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The year in film failures: 2021’s worst movies

December 22, 2021
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As you saw a couple of weeks ago, there were a LOT of good movies that came out in 2021. And there were plenty of pretty good ones too, even if they didn’t quite ascend to the heights of greatness.

Of course, there were also some bad ones.

The following is a list of my least favorite viewing experiences of the year. Now, I acknowledge that when it comes to creative endeavors, quality can be a very subjective thing. I have no doubt that there are movies on this list that some of you not only liked, but loved. And that’s OK – we can feel different ways about things.

You’re wrong, obviously, but you have the right to feel the way you do.

I kid, I kid. The truth is that if you can find joy in a piece of creative work, be it a movie or a book or a TV show or a song, that’s a good thing.

As for me, well … I did NOT find much joy in these 10 films. Here they are, in alphabetical order.


Afterlife of the Party

This Netflix offering – directed by Stephen Herek from a script by Carrie Freedle – is a derivative clunker of a film, seemingly assembled from vague recollections of far better movies. It’s the sort of movie that attempts to elicit laughs through broad comedy and tears through fraught emotionality, only to succeed on neither front, resulting in a vapid and unsatisfying movie experience.

“Afterlife of the Party” isn’t particularly funny or emotionally engaging, despite desperately striving to somehow be both these things. It’s an empty vessel, a placeholder of a film that feels like something made up to be a punchline in a TV show about the entertainment industry. Only this is sadly, inexplicably real. If you do wind up going down, don’t be shocked if this movie is on all the TVs in the waiting room.


This new version of the classic fairy tale is directed and adapted for the screen by Kay Cannon, best known as the writer of all three films in the “Pitch Perfect” series. Basically, it’s the story you know with a few feints at feminine empowerment and a whole bunch of pop songs that have been put through the musical theatre wringer.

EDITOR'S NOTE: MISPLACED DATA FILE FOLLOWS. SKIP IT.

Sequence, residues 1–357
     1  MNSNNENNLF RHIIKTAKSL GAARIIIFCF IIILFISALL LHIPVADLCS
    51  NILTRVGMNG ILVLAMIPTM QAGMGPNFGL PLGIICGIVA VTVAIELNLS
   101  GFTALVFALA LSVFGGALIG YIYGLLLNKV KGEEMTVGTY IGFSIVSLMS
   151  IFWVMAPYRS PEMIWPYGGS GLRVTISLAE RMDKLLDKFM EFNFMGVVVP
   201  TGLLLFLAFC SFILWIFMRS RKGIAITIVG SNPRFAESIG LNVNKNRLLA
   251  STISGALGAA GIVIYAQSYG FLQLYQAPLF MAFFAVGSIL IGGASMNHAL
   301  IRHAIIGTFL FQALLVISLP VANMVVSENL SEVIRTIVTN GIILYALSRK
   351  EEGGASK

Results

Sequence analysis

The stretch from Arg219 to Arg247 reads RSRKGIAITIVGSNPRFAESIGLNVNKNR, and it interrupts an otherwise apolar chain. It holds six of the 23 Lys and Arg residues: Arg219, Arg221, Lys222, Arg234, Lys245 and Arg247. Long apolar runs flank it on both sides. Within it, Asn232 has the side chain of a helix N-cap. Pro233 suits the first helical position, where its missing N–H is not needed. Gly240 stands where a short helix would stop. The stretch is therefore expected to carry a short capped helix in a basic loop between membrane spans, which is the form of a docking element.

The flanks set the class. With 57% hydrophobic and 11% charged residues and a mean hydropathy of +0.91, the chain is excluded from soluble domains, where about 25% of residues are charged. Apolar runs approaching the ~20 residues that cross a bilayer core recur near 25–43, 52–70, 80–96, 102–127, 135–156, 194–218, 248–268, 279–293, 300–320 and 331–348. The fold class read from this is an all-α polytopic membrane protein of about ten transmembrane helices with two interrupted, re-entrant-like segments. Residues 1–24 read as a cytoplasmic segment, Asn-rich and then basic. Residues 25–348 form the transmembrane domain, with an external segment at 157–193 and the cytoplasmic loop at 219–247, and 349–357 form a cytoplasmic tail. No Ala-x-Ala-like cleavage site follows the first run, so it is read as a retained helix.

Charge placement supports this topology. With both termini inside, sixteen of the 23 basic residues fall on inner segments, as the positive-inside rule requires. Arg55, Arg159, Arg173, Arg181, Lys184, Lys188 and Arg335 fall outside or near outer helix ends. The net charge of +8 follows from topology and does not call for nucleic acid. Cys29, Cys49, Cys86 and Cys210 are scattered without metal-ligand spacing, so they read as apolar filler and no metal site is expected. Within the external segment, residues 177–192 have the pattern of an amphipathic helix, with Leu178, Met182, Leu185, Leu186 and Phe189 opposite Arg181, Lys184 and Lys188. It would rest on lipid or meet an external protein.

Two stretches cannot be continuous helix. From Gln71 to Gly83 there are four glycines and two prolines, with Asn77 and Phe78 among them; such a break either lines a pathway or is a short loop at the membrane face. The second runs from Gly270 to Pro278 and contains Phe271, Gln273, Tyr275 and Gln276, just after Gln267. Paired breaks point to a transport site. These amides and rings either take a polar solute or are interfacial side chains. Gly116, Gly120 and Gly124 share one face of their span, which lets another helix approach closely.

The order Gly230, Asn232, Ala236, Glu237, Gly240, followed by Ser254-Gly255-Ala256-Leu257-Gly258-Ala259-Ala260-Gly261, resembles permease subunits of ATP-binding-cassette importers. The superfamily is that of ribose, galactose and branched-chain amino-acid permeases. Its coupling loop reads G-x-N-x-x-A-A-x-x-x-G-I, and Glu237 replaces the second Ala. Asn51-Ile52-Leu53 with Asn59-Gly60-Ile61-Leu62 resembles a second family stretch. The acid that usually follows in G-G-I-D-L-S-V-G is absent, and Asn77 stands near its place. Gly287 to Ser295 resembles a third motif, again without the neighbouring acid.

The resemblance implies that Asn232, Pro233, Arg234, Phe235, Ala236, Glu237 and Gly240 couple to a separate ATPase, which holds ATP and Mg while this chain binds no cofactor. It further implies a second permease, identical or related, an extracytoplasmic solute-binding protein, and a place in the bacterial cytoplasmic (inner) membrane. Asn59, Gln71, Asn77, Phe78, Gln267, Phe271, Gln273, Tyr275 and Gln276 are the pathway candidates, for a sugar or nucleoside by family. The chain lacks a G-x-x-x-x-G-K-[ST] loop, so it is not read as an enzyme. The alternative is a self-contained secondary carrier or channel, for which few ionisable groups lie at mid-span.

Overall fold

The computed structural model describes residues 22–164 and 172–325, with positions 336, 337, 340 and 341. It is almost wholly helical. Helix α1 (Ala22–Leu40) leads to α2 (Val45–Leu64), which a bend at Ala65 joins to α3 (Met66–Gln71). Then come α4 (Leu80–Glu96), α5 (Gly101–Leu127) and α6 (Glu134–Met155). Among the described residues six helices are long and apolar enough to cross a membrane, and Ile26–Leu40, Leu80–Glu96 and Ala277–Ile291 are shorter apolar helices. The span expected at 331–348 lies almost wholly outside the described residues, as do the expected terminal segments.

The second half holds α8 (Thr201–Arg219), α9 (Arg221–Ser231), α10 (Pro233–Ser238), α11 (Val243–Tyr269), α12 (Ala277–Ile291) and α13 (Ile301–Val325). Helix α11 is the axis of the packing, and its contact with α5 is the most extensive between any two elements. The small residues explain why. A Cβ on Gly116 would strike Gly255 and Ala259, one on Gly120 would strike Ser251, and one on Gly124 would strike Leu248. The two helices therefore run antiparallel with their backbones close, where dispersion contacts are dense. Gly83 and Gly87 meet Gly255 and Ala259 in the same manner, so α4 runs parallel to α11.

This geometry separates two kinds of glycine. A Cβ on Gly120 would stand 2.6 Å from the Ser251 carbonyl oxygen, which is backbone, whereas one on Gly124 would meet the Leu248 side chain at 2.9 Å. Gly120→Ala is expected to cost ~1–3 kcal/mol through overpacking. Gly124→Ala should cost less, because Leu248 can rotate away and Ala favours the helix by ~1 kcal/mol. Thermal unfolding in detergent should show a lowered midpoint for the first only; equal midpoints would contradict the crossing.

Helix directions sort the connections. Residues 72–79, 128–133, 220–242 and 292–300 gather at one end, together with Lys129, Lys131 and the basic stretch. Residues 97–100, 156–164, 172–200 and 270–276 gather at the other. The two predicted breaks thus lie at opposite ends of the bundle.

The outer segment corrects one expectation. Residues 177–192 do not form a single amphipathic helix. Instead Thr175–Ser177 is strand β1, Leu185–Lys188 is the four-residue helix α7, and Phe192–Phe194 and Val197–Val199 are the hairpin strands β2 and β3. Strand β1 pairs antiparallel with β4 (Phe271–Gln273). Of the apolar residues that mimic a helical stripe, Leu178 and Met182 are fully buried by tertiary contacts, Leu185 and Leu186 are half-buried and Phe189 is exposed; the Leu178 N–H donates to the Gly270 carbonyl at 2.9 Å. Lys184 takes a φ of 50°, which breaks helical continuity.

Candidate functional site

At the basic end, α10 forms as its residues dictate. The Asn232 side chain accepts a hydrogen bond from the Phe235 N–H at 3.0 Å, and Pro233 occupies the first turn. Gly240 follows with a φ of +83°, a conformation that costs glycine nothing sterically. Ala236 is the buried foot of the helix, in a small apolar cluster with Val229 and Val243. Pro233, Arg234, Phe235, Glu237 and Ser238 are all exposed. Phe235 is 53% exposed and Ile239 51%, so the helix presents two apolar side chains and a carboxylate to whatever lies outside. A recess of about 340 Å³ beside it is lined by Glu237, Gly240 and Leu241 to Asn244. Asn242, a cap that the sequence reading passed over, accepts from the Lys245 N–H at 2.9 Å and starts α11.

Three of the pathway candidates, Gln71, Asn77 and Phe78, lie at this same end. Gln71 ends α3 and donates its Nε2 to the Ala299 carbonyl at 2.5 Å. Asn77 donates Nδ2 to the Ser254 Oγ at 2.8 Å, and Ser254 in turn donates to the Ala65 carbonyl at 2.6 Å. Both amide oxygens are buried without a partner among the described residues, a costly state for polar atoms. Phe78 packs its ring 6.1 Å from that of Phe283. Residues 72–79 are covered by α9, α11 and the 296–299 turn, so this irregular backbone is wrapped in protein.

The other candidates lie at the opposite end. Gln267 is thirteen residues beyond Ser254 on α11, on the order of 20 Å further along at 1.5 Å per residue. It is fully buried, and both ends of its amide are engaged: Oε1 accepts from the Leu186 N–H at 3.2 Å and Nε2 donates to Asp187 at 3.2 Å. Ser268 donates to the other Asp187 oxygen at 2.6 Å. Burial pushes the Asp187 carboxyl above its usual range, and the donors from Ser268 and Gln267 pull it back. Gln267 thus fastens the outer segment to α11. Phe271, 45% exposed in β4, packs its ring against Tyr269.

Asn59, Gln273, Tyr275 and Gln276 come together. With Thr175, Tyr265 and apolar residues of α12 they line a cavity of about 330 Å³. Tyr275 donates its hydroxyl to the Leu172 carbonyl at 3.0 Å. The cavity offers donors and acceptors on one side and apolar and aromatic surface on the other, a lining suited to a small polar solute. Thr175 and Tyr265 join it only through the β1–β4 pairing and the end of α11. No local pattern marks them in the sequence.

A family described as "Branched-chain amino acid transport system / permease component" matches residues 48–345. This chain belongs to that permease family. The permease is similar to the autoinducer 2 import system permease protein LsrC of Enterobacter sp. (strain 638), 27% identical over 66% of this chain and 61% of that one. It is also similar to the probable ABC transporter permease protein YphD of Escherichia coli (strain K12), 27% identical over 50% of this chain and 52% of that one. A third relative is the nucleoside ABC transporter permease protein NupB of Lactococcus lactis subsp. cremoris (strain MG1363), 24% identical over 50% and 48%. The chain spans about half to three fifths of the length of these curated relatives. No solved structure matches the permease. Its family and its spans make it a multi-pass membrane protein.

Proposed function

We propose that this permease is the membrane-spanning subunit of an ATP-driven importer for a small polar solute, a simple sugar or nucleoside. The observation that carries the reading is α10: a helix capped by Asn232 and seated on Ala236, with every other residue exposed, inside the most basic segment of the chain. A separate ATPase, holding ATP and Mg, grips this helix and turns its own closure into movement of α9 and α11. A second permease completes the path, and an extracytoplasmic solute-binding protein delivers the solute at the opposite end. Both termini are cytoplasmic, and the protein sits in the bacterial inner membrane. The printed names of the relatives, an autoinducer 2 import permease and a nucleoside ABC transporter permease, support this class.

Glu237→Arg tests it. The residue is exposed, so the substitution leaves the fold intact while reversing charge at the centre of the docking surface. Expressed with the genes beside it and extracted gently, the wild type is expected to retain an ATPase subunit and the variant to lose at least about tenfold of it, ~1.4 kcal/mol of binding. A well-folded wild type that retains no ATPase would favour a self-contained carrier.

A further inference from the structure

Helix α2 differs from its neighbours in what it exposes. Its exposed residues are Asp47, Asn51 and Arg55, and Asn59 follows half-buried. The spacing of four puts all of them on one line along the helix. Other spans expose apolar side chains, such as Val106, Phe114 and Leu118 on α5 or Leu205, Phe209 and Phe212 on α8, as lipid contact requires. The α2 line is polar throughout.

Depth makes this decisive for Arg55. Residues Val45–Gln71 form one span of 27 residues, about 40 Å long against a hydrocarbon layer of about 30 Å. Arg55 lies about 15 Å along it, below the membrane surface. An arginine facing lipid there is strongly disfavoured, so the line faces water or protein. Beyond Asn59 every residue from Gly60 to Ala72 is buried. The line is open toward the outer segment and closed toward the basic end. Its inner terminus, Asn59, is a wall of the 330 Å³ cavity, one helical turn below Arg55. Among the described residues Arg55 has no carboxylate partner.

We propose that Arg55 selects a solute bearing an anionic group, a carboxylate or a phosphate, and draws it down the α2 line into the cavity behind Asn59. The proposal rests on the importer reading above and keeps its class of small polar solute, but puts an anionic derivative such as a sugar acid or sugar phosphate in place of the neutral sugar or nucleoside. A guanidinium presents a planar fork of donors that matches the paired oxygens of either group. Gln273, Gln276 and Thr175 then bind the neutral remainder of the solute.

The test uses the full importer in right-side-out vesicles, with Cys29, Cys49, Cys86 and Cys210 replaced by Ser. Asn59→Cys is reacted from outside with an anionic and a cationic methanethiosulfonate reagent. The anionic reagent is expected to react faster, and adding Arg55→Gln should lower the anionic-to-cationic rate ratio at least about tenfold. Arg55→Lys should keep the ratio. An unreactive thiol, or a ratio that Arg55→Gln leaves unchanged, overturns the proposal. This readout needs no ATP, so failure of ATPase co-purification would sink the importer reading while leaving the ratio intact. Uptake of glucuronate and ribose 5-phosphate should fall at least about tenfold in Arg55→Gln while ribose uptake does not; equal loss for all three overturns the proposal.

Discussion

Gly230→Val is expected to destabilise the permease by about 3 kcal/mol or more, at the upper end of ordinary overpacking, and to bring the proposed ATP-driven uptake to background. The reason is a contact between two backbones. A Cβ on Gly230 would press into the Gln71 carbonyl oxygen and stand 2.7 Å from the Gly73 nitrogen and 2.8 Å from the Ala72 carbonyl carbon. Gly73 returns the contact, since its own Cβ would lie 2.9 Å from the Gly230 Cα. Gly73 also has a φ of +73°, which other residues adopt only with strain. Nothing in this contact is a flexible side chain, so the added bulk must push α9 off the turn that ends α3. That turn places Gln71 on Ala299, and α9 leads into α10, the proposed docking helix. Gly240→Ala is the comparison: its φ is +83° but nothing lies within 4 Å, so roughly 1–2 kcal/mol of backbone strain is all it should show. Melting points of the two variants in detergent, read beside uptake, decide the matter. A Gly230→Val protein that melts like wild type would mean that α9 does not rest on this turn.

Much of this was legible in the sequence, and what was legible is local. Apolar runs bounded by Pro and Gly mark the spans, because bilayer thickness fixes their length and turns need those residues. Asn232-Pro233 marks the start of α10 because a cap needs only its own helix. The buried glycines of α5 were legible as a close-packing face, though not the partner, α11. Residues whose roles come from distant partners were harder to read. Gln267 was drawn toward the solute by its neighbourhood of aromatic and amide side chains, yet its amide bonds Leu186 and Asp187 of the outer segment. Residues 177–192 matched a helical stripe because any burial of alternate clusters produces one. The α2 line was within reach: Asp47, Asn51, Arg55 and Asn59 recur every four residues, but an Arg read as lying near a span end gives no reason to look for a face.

Perhaps the most damning thing regarding “Cinderella” is how fundamentally unnecessary it feels. While it’s a potentially interesting take on the story, it falls short on following through on that potential, resulting in a movie that is simply … forgettable. Disposable. But at least it has a happy ending, in that you might well be glad when it’s over.

Dear Evan Hansen

Dear Evan Hanson,

Your movie is not good and I have a lot of questions. I recognize that your musical theatre source material is acclaimed and beloved; I don’t get it, but I recognize it. As such, I will not blame people who watch and love this movie – that’s their journey.

But I can blame you.

I wish that I had not been a part of watching “Dear Evan Hansen.” I wish I had spent that time doing something else. Almost anything else, to be honest. And while I know that the people who made this film want very much for it to matter, the reality is that it ultimately will not. It will vanish from the consciousness with nary a ripple … and very few will notice it was ever here in the first place.

Sincerely, your disinterested and already-over-it acquaintance,


Escape Room: Tournament of Champions

This is where you remember (or learn for the first time) that not only was there a movie called “Escape Room” that came out a couple of years ago, but that it got a sequel.

An unnecessary sequel – fine. I get the desire to return to that well. However, if you’re going to make a sequel to a movie that itself was underwhelming, perhaps the right move is to make that sequel … better? Or at least different? Instead, this is basically a rehash; they’ve turned the dial up a little, but otherwise, it’s more of the same.

Ultimately, when it comes to “Escape Room: Tournament of Champions,” no one wins. Least of all, the audience.

He’s All That

This Netflix film is a remake of 1999’s EXTREMELY late-90s “She’s All That,” itself a riff on George Bernard Shaw’s “Pygmalion.” It is a soulless and vapid movie, a transparent effort to cash in on nostalgia that is unashamed of its own cynicism.